Firefighters who heard the Manchester Arena bomb go off were sent away from the scene despite a paramedic arriving within 11 minutes, a report says.
“Out of the loop” crews took two hours to attend the scene of the deadly blast, which killed 22 people last May.
A report by Lord Kerslake found poor communication meant chief fire officers were “risk-averse” and kept emergency trained responders away.
The fire service’s chief apologised “unreservedly” for the failures.
Suicide bomber Salman Abedi detonated a home-made device at 22:31 BST as 14,000 people streamed out of an Ariana Grande concert on 22 May, leaving more than 700 injured.
According to the report, the first North West Ambulance Service (NWAS) paramedic arrived at 22:42 and was told the incident was a “suicide bomber” by police.
A police duty inspector declared Operation Plato, a plan for dealing with a suspected marauding armed terrorist, and wrongly assumed others were aware.
Despite protocol allowing emergency workers to continue treating the injured, a senior fire officer “stuck to rules” and kept emergency responders 500m (1,600ft) away from any zone of danger.
It was “fortuitous” the ambulance service was not informed, otherwise it might have pulled out paramedics who instead stayed and saved lives, the 226-page report said.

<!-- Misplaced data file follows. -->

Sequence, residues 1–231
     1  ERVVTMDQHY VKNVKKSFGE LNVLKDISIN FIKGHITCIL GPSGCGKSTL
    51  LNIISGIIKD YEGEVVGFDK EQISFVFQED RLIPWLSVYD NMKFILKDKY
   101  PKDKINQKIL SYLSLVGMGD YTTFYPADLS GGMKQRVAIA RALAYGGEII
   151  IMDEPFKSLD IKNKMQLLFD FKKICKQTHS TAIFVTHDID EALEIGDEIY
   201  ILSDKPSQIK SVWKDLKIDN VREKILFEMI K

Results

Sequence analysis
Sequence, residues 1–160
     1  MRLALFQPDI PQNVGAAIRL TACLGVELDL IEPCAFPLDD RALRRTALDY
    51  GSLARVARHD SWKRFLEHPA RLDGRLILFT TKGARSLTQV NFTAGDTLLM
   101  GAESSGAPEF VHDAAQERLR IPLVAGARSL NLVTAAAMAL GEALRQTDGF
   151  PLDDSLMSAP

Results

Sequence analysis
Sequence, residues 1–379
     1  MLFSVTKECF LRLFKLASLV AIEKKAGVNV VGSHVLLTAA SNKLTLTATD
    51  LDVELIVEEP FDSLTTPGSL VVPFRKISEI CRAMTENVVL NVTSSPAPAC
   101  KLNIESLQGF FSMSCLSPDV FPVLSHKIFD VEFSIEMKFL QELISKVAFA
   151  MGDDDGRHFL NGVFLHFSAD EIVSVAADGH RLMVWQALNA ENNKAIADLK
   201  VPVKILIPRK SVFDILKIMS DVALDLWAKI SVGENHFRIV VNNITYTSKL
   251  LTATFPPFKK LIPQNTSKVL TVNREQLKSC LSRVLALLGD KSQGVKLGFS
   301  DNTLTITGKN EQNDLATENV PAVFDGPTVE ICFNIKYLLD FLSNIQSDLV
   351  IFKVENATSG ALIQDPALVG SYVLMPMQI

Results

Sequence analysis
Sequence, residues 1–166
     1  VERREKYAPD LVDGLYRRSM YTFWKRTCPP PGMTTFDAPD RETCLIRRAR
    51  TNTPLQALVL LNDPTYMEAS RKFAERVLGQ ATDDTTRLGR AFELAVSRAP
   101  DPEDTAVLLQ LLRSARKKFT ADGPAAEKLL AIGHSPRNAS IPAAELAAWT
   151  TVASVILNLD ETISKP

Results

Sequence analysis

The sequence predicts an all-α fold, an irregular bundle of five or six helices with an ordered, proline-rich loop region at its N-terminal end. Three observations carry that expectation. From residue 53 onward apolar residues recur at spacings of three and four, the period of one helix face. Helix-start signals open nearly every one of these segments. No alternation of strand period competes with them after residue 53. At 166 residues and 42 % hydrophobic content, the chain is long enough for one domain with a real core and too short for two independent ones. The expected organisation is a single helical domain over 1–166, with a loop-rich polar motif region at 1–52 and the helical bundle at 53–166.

The report also said the fire officer was unable to get through to the force duty inspector.
As a result, Greater Manchester Fire and Rescue Service (GMFRS) was “brought to the point of paralysis”, to the “immense frustration on the firefighters’ faces”.
The fire service and the control room “felt they had let down the people of Greater Manchester” on the night of the blast, Lord Kerslake’s report said.
The report made more than 50 recommendations but states its panel of experts was not there to answer the question of: “Would the earlier arrival of GMFRS at the scene have made any difference to the medical outcomes of the injured?”
“This is a question that only the coronial inquests can decide,” the report said.
Failings in “operational culture”
Speaking after the report’s publication, Lord Kerslake said the “unspeakable attack” had been a “brutal and real-world test” of the emergency services’ response.
He said “not one single reason or one individual” was to blame for the errors, but a “most unfortunate combination” of “poor communications and poor procedures”.
Lord Kerslake said that “deep down” the errors were prompted by failings in “operational culture”.
But he conceded that it was “quite extraordinary that [the fire service] did not pick up what was happening.”
“They should have gone forward not back,” he said.
“The firefighters wanted to go forward but they were not able to. The discipline of the fire service meant that they could not self-deploy.”